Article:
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    I was wondering if people knew what the competition ratios are like for external applicants, in particular the cardiovascular sciences one. Also of any other similar physiology/cardiovascular themed intercalations?*
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    (Original post by RoadRunner)
    I was wondering if people knew what the competition ratios are like for external applicants, in particular the cardiovascular sciences one. Also of any other similar physiology/cardiovascular themed intercalations?*
    I do the MRes in Cardiovascular Sciences at Newcastle. Depends when during the MBBS you're intercalating as to if you can do a masters or not though. Don't know anything about the Imperial BSc though, sorry!
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    I would be intercalating after my 4th year. Hmm okay will give that a look, how did you find the course?*
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    (Original post by RoadRunner)
    I would be intercalating after my 4th year. Hmm okay will give that a look, how did you find the course?*
    Yeh you can intercalate into a masters then (I intercalated after 4th as well). It's good - allows both breadth and depth. You pick 3 optional modules (one of them is the named module, e.g. cardiovascular science, it's what your degree is in) and they can be in whatever - I did cardiovascular, diabetes and ageing because that's what my interests are. But you can chop and change as much as you like, there's modules in most things you'd want to study at a postgraduate level (e.g. immunology, genetics, cancer, etc..) and also a few left-field things (global health, epidemiology, surgical anatomy) so you can tailor the course to exactly what you want. There's no "set" modules. As well as those 3 modules, there's an introduction to medical statistics/ethics module as well that you'd need no matter what subject area you're in. It's predominantly research degree though - these modules are just to improve your baseline research knowledge in an area before you're let loose. Semester 1 is taught (credits equivalent to an MSc) and then semesters 2 and 3 is a long research project, and you have to submit a thesis.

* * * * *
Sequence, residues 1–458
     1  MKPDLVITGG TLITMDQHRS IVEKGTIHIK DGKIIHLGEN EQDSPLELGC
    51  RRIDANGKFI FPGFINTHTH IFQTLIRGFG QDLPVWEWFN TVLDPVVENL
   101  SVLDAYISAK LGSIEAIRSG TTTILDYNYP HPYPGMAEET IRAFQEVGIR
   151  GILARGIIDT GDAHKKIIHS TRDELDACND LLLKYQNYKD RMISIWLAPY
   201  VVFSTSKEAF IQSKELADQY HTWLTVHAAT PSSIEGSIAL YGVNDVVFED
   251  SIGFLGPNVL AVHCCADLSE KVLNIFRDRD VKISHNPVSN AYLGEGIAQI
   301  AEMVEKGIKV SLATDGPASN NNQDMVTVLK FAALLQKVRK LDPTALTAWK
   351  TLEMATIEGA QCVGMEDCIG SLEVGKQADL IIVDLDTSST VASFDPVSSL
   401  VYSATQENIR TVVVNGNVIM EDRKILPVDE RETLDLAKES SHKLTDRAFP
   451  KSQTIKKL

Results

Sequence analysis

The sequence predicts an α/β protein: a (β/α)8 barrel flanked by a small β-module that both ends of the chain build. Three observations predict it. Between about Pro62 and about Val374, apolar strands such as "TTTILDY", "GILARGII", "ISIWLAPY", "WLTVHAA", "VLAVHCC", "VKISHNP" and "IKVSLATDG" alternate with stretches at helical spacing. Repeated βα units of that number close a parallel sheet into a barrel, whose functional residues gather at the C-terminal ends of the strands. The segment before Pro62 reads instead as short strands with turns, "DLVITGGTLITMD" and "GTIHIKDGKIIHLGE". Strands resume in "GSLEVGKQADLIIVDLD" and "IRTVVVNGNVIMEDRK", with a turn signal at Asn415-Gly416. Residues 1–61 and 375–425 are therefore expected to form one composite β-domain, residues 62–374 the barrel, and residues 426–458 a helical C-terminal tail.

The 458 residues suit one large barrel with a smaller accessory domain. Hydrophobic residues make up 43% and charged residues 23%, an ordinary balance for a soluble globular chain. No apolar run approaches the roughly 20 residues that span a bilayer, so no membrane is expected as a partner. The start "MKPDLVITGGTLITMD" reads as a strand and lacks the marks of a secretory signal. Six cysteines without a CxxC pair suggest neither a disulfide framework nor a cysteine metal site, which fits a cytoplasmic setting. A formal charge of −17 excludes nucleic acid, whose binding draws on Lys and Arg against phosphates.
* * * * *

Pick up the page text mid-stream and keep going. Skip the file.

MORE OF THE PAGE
e: I would suggest you look around masters intercalations rather than bachelors. It's more bang for your buck (in terms of degree itself, in terms of the knowledge and in terms of research opportunities) and I suspect it's going to become the norm for medics to have masters degrees rather than bachelors in the fairly near future, particularly given the large rise in MRes/MSc/etc intercalation.
 
 
 
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